It is possible that you have got the temperature too high and this is causing the tip to oxidise.

Wom
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dan

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Re: soldering joints
« Reply #10 on: April 08, 2009, 09:55:08 PM »

hi wombat,
its a gas powered soldering iron so its quite hard to control the temperature. so I'm guessing it might be gettin too hot and oxidising, so ill buy a new soldering iron tomorrow hopefully and ill see if this makes a difference. thanks for the info as well  :-))
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malcolmfrary

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Re: soldering joints
« Reply #11 on: April 09, 2009, 01:01:16 PM »

Apart from cleanliness, the other important thing is to make sure the iron not only gets hot enough, but stays that way while applying heat to the join.  This implies an iron with enough basic power and a tip big enough to transfer the heat very rapidly to allow you to get in and out before the heat applied travels to where it can do damage.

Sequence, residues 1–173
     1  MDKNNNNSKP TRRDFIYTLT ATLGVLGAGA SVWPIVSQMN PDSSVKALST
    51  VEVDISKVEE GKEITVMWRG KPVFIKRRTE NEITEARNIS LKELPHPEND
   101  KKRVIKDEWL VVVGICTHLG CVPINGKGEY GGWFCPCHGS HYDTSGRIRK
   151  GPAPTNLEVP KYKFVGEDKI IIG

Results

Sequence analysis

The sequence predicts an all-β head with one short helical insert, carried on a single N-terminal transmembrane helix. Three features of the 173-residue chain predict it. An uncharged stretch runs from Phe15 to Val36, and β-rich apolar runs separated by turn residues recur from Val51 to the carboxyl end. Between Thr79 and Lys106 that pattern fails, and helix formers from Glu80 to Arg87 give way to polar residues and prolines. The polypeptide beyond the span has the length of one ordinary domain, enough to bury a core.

Most modern irons have an iron plated tip.  When the iron plating dies, the tip is effectively a deader.  It can be temporarily resurrected by filing and tinning, but the copper will eat away rapidly.  A new iron plated tip should never be cleaned with anything more vicious than a cloth or kitchen towel.  If an acid fluv is used, cleaning is even more important as hot acid will chew its way through the iron very rapidly.
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derekwarner

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Re: soldering joints
« Reply #12 on: April 09, 2009, 04:17:51 PM »

Some good points here by others  O0